related to his investment, production, and marketing costs. Many field
tomato growers in Florida feel that their break-even cost per pound is
approximately 16-18 cents; whereas, an Indiana study showed that greenhouse
growers must get yields of at least 50 tons per acre and receive prices in
excess of 27 cents per pound in order to wear a happy smile.

A Tennessee study comparing two of the more "modern" greenhouse produc-
tion methods shows that annual yields of 11 tons per house per year require(
prices in the 50 cent range to allow significant returns to original invest-
ment.





-6-


THE VEGETARIAN NEWSLETTER



Comparison of Two Greenhouse Production Systems
(Brooker, J. R., 1975. TVA Greenhouse Veg. Workshop)

Growing Space: 3276 sq. ft., 992 plts.
Factors Hydroponics Media Method

Initial Investment, $ 22,781 14,613
Annual Oper. Cost, $ 8,647 9,525
Yield, Spring 13,094 12,301
Fall 9,424 8,732
Total 22,518 21,033
Return above cash
operating costs @ 40C 9,007 8,413
at price per lb @ 50 11,259 10,516



D. Technology

Knowledgeable greenhouse operation is the result of continued observa-
tion, learning, reading, listening, sharing, and testing of new procedures
in a cautious, methodical way. Professional greenhouse vegetable growers in
Ohio, Indiana, and Michigan attend frequent short courses, participate in
research projects, and -try to secure (and study) the most important green-
house publications available.

E. Attitude

A successful greenhouse enterprise represents a serious commitment of
time, resources, and energy. The determination to look after every necessary
detail when it should be dealt with and in the right way is the priority
approach of the professional. Tomato flowers must be vibrated daily,
European cucumber male flowers must be removed when they develop and the prc
per fungicide must be applied when needed. As one old timer put it, green-
house success is 50% resources; 50% hard work, 50% luck, and 50% staying on
top of things!

(Marlowe)


C. Sweeet Potato Root Cracking Problems

Vegetable extension specialists in Florida have noted more than usual
root cracking problems in sweet potatoes this fall. Cracking may affect
rost roots in a planting, but is most severe on the larger ones. Severely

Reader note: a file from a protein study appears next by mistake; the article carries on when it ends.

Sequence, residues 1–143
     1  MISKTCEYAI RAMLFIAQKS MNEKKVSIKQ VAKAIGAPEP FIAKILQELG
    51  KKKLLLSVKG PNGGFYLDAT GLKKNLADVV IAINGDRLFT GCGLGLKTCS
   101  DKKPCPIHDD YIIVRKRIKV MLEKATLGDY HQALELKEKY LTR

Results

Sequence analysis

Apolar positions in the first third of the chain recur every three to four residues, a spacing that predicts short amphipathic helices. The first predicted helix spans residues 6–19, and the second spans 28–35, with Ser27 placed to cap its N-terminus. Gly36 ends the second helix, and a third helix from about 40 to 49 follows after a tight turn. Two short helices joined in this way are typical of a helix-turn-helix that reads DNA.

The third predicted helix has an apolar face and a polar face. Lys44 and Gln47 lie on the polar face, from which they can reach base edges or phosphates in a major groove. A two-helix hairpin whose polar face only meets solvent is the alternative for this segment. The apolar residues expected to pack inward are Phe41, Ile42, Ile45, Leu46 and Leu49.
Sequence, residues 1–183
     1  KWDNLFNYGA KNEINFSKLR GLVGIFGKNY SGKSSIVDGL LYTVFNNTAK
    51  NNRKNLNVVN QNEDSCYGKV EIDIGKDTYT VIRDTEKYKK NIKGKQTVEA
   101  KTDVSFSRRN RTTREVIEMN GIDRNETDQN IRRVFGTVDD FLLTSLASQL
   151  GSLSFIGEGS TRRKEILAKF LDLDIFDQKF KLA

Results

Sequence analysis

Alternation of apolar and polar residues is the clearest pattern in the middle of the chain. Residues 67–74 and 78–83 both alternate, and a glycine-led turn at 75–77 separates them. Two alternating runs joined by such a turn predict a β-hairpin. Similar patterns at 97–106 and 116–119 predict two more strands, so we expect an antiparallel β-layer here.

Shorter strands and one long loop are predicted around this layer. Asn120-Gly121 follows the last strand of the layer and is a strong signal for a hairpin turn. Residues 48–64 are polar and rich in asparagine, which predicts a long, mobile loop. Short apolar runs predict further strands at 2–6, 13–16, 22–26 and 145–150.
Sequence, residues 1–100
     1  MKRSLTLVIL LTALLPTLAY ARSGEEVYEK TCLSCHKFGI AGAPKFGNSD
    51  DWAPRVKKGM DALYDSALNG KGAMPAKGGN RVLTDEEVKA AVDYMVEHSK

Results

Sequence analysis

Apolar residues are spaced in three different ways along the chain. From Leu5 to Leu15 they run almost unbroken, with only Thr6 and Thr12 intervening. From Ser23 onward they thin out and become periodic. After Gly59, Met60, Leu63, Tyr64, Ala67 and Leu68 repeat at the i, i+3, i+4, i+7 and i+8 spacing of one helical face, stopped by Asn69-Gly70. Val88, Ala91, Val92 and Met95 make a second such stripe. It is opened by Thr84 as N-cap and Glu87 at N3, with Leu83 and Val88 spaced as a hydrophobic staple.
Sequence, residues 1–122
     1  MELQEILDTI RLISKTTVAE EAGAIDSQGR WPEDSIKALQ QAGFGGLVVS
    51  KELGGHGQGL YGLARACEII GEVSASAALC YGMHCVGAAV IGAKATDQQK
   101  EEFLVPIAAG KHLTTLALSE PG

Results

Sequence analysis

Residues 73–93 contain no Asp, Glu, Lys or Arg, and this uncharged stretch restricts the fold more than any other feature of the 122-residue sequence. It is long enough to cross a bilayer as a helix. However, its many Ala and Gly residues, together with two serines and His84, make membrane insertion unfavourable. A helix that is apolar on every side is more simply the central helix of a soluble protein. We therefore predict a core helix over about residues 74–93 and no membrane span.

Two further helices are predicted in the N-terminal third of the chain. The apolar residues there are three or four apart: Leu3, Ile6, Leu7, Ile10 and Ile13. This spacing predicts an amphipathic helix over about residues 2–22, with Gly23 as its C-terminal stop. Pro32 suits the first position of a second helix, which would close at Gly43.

cracked roots must be discarded or sold at minimal prices as culls.




-7-


THE VEGETARIAN NEWSLETTER


Solution of the problem is not an easy one. We called on the
knowledge and expertise of extension specialist in Georgia in our quest
for an answer. They, too, have observed this problem on a number of occa-
sions in Georgia. Their observation agreed with ours to a large extent.
Root cracking can be attributed to: (1) variety, (2) uneven growth patterns
and (3) soil pests.

Research and extension workers in Georgia have noted a difference in
cracking among varieties. Georgia Jet, a variety popular in that state until
two or three years ago, is much more susceptible to the disorder than its
replacement, Red Jewel. This observation has been verified in field plant-
ings over the state and in test plots in Gainesville.

Uneven growth patterns can result from fluctuations in moisture supply
during the growth period. The problem is most serious during root enlarge-
ment. Retarded root growth apparently result in a physical change in root
tissue. Upon resumption of growth, such roots are subject to severe crack-
ing. This was confirmed in field observations last summer where irrigated
sweet potato crops showed considerably less cracking than unirrigated plant-
ings.

Soil pests, especially heavy populations of rootknot nematodes, are
known to cause severe cracking. It is possible that certain root-feeding,
soil-borne insects can contribute to root cracking in sweet potato, also.
Two or more of the three factors discussed above may interact to increase
the severity of cracking.

In summary, growers should use every tool at their command to reduce
or even eliminate cracking in sweet potatoes. This can be done by (1)
planting crack-resistant varieties like Red Jewel, Centennial, etc., (2)
using irrigation during drought periods to avoid uneven growth patterns,
and (3) applying an insecticide broadcast and mixed into the soil followed
by fumigation for insect and nematode control before planting. Recommenda-
tions on materials and rates can be obtained from the local county agricul-
tural extension agent.
(Montelaro)


D. Weed Control for Full-Bed Mulched Vegetables

Vegetable production using full-bed plastic mulch continues to increase
in Florida. Presently, most tomato production and increasing acreages of
pepper and eggplant are being produced with plastic mulch. In addition to